Search results for 'Theo Redpath' (try it on Scholar)

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  1.  3
    Theo Redpath (1997). Cambridge Philosophers VIII: CD Broad. Philosophy 72 (282):571 - 594.
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  2.  12
    Peter Redpath (2008). Sign as a Kind of Opposition. Semiotics:651-660.
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  3.  11
    Peter Redpath (2003). Charles Taylor. Review of Metaphysics 57 (2):441-442.
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  4.  13
    Peter A. Redpath (2001). Kimball, Roger. Experiments Against Reality: The Fate of Culture in the Postmodern Age. Review of Metaphysics 55 (1):145-147.
  5.  8
    Peter A. Redpath (1996). Haslett, David W. Capitalism with Morality. Review of Metaphysics 50 (2):405-406.
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  6.  8
    Peter A. Redpath (1993). Moral Foundations of Constitutional Thought. Review of Metaphysics 46 (4):879-881.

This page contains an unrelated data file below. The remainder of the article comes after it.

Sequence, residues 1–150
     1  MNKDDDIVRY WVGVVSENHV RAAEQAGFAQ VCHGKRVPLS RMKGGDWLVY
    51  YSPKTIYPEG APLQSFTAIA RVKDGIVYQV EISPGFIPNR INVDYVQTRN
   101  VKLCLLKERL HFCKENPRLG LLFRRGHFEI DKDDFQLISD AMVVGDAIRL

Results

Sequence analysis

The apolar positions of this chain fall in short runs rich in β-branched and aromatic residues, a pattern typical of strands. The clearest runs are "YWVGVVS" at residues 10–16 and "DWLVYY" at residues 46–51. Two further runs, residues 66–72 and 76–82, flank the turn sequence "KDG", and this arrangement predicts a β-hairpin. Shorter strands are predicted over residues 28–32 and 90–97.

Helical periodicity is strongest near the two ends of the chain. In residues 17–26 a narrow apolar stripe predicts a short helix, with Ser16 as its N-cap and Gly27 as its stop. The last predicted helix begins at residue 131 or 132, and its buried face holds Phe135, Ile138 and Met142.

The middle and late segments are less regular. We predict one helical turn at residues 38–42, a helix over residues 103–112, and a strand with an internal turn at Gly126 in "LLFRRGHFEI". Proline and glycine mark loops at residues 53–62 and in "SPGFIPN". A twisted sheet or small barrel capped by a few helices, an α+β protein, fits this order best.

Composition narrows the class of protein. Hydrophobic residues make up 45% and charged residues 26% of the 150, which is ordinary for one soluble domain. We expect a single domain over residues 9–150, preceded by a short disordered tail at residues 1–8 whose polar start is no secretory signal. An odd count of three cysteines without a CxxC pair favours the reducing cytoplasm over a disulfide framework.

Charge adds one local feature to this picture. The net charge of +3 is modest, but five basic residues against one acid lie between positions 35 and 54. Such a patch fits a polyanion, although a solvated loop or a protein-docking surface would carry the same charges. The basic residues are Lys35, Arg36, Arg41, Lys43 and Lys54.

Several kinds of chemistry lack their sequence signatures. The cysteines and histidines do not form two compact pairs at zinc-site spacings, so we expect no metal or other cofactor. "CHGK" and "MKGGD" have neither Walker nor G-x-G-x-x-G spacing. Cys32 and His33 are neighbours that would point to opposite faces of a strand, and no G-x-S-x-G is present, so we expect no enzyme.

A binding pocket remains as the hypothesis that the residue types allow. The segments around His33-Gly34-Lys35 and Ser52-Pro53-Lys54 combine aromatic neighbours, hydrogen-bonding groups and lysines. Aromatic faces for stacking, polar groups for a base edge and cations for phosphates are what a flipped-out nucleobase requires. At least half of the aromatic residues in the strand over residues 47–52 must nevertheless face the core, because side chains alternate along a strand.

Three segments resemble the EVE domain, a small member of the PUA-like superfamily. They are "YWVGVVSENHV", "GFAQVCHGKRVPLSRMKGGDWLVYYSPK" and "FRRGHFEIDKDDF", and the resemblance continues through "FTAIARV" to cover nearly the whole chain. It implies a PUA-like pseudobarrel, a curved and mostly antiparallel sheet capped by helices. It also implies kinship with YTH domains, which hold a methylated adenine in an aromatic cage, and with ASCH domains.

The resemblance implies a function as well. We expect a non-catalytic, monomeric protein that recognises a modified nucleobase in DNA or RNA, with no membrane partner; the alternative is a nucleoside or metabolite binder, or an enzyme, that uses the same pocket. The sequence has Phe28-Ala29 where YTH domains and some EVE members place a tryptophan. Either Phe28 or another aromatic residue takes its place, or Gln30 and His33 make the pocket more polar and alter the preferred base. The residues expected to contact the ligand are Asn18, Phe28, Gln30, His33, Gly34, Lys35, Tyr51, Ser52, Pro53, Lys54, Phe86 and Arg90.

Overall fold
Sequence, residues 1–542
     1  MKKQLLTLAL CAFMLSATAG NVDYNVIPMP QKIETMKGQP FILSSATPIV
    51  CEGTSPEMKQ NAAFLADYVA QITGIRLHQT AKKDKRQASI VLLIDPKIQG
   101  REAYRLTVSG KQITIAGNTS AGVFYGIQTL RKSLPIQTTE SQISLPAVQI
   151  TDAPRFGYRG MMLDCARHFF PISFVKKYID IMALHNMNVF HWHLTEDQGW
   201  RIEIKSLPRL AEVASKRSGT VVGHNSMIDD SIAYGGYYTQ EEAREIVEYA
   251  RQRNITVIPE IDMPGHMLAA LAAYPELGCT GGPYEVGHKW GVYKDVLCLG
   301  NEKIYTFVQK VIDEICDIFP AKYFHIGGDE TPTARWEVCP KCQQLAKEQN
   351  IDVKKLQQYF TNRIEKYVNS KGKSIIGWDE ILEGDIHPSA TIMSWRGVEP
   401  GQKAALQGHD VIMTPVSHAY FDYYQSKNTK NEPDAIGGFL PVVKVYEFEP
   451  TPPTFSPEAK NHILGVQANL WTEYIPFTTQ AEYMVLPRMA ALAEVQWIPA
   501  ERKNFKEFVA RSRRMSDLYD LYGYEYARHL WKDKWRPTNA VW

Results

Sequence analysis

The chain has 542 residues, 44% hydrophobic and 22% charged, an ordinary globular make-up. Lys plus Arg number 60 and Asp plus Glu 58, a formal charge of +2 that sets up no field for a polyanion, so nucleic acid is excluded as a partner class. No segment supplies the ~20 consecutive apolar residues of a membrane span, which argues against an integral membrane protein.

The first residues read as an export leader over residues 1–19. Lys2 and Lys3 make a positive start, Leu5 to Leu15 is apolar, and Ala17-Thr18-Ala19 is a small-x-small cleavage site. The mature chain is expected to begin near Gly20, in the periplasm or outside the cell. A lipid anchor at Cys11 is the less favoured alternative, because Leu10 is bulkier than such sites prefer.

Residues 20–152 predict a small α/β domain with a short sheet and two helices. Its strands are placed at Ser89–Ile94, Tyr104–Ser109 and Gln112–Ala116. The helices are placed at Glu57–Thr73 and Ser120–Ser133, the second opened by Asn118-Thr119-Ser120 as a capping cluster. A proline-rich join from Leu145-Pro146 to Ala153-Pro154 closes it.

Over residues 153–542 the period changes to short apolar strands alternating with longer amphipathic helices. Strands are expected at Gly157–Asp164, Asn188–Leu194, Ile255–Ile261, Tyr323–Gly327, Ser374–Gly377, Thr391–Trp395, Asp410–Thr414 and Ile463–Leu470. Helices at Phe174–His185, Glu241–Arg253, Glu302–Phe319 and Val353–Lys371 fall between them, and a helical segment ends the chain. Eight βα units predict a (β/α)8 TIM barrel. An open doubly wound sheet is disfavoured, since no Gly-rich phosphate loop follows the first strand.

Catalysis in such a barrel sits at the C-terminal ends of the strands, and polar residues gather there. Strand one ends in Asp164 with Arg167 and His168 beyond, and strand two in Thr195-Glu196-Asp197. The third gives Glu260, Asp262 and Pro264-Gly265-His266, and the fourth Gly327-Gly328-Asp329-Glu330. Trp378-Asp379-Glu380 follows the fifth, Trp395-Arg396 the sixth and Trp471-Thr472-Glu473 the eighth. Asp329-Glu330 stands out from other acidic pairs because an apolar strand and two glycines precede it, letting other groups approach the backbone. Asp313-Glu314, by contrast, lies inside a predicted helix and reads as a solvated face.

7.  15
    Peter A. Redpath (2000). Possenti, Vittorio. Terza Navigatione: Nichilismo E Metafisica. Review of Metaphysics 54 (1):165-167.
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  8.  14
    Peter A. Redpath (1992). God and Subjectivity. International Philosophical Quarterly 32 (4):522-524.
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  9.  11
    Alison Jaggar, Paul Piccone, Marilyn Myerson & Peter Redpath (forthcoming). Statement of Editorial Policy. Telos: Critical Theory of the Contemporary.